MEN'S HEALTH: Stix McGavin wants men to take their health seriously. Photo: Alistair Brightman
MEN'S HEALTH: Stix McGavin wants men to take their health seriously. Photo: Alistair Brightman

Veteran says men’s health struggles ‘like a dripping tap’

A FORMER soldier whose time in the army left him permanently disabled wants Fraser Coast men to take their health seriously.

Stix McGavin, a Craignish father-of-two and athletics coach, says Men's Health Week should serve as a reminder that men don't need to push through pain.

"It's all well and good to be the silverback gorilla, beat your chest and try to do everything," he said.

"Men have a 'slap some tape on it and it'll be fine' attitude because that's what they can do.

"Things like pushing through an injury can make it worse."

Mr McGavin, 30, suffered serious damage to his spine and legs throughout tours of Afghanistan and East Timor.

He has had "more surgeries than birthdays" and now lives with a battery pack implanted in his spine to stimulate his left leg, as well as pins in his legs.

Not one to dwell on what could have been, Mr McGavin concedes things could have turned out differently for him.

He put off seeking specialist help for his injuries which, he believes, ultimately made them worse.

"I fought and dug my heels in to live up to that picture of a soldier," Mr McGavin said.

"It's sort of like a cup under a dripping tap.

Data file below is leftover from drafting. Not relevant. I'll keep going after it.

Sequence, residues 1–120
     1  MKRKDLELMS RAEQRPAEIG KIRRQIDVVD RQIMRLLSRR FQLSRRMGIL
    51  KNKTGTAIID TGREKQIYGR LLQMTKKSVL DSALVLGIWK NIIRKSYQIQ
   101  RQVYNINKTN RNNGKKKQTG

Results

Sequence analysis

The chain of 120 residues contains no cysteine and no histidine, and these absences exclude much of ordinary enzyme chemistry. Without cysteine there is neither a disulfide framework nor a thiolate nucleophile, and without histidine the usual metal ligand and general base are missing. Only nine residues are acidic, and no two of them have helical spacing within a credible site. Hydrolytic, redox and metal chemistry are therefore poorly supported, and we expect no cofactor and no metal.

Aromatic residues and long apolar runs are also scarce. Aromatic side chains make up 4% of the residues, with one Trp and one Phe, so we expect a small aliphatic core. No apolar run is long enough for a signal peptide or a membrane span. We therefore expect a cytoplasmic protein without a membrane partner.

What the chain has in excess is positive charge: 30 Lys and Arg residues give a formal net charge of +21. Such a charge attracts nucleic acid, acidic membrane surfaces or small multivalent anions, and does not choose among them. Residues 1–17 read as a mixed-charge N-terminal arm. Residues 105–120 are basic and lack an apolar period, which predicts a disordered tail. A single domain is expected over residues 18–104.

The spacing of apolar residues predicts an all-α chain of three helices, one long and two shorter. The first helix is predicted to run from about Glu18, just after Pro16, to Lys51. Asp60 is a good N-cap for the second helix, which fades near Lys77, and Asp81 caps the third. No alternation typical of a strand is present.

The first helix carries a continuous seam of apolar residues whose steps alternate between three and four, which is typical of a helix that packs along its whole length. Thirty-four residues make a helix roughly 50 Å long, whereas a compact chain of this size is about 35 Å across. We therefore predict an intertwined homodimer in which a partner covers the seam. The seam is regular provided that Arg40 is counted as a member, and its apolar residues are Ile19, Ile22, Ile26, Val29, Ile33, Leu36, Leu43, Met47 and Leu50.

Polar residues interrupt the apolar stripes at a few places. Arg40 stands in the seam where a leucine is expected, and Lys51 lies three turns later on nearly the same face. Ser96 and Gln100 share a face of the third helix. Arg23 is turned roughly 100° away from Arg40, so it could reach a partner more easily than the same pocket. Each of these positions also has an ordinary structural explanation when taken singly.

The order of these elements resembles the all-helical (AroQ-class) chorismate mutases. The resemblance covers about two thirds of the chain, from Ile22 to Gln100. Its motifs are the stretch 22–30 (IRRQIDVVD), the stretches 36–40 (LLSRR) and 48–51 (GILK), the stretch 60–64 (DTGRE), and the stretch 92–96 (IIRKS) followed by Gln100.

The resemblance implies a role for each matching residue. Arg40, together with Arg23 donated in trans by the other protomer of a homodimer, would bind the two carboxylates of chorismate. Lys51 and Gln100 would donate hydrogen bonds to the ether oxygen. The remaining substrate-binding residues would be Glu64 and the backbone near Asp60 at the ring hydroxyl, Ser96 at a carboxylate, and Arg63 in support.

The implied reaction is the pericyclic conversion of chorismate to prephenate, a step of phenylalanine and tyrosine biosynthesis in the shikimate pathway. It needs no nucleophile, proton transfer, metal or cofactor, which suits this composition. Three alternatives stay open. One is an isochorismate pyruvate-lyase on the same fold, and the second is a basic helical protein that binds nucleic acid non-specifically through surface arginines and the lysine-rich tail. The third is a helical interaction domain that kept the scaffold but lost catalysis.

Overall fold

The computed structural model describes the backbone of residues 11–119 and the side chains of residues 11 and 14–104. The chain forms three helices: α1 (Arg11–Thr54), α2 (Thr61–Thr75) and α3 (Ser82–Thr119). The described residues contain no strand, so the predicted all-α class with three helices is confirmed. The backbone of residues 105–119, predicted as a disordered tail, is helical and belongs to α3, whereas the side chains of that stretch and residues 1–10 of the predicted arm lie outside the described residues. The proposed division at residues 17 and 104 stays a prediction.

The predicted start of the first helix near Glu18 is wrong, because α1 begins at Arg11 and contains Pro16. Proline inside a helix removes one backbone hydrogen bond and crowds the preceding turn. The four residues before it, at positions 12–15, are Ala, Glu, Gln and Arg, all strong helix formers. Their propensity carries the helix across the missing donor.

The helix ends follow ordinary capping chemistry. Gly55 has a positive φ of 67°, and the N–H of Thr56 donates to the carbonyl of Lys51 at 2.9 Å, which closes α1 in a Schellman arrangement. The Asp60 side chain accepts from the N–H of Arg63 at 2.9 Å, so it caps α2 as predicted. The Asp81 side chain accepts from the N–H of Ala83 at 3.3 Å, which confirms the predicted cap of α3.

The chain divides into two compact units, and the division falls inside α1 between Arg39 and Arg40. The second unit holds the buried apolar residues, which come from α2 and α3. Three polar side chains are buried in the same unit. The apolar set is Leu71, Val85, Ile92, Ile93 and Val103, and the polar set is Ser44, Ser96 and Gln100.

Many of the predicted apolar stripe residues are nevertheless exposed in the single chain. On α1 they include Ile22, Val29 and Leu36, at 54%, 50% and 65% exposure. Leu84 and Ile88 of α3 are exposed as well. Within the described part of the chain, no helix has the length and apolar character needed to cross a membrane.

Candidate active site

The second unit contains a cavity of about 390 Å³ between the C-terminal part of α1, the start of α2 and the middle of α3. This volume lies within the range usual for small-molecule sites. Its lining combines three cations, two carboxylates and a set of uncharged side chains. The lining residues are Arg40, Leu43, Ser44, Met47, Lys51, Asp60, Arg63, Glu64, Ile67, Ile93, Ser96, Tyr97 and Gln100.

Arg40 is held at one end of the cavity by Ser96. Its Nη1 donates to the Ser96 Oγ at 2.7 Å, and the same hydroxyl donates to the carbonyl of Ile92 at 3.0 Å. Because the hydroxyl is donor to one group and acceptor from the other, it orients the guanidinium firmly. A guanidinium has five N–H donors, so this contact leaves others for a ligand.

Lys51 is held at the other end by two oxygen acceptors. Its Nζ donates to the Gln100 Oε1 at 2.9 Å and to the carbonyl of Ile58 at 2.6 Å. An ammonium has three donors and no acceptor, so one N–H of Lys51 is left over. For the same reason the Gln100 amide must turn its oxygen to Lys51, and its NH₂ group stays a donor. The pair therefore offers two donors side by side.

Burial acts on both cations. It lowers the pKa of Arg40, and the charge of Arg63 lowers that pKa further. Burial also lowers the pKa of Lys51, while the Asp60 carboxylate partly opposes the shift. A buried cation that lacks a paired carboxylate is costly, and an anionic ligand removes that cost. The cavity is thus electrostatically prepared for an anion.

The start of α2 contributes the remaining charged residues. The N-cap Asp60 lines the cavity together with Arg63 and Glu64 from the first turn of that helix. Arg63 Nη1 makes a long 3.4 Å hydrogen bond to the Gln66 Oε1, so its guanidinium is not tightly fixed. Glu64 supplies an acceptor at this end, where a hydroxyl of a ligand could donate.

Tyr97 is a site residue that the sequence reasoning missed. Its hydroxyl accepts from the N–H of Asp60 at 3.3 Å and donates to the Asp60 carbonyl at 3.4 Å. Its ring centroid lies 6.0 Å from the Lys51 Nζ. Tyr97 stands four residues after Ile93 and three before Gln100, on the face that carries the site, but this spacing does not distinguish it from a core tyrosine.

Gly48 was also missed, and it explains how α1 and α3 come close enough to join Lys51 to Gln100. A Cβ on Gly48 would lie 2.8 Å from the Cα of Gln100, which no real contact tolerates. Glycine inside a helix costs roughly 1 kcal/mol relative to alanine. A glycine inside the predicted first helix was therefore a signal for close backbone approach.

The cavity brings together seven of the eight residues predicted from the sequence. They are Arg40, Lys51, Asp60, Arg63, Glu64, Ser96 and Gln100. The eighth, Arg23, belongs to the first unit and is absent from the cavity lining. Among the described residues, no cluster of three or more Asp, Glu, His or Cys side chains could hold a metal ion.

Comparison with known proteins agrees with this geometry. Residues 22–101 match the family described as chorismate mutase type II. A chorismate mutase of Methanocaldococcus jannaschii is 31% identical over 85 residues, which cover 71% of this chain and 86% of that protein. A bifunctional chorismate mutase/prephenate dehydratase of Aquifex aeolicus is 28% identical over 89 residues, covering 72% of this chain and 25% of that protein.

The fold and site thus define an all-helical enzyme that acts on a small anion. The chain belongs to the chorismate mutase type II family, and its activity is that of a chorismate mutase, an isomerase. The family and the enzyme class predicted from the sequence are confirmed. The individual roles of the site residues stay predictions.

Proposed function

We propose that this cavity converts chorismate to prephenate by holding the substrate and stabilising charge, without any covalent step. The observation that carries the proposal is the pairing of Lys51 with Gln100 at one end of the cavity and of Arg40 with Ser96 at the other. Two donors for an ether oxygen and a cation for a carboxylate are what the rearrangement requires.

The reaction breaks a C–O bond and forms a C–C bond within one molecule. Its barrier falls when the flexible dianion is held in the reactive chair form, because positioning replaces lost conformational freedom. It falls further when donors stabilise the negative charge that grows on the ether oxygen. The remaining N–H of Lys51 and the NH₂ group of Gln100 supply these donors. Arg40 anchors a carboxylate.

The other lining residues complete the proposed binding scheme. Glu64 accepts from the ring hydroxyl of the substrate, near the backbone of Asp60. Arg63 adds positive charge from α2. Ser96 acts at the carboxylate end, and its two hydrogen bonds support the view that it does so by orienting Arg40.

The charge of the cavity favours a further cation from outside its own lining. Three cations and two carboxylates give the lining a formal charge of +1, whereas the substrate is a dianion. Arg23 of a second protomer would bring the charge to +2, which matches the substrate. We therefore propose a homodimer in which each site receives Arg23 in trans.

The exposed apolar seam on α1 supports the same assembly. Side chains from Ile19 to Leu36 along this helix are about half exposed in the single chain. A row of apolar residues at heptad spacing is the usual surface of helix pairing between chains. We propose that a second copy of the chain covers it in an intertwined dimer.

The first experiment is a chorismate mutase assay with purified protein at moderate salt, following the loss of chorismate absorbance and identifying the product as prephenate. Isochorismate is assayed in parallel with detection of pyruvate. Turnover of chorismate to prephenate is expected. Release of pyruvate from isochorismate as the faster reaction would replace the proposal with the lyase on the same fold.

"It won't overflow instantly but it'll gradually get fuller until it does overflow and you've got an issue.

"Yes, it mightn't worry you now but later on down the track, it'll bite you in the bum."

Stix McGavin coaching at the Dundowran Athletics Oval. Photo: Cody Fox
Stix McGavin coaching at the Dundowran Athletics Oval. Photo: Cody Fox

Mr McGavin has risen to the challenges of his disability, competing twice at the Invictus Games and training young athletes of all abilities.

Still, he said if he had his time in the army over again, he would "work smarter, not harder".

"Throughout my deployment, I was very much of the opinion that as the leader, I should work the hardest," he said.

"I bit off more than I could chew and it's evident now with the number of surgeries I've had."

Mr McGavin said "fear of the unknown" often drove men to put off seeking help.

"The fear of the unknown is the ultimate fear," he said.

"If men see a specialist, they might be told it's worse than they think it is."

He said fear had played a factor in his health struggles.

"It was something I put off, especially my spinal surgery," Mr McGavin said.

"That scared me and still does to this day.

"Every time I'd go and get a scan, they'd find another issue and it'd be another kick in the guts.

"Especially when I was a young father, I was trying to be someone my kids can look up to."

Men's Health Week 2020 runs June 15-21.

 


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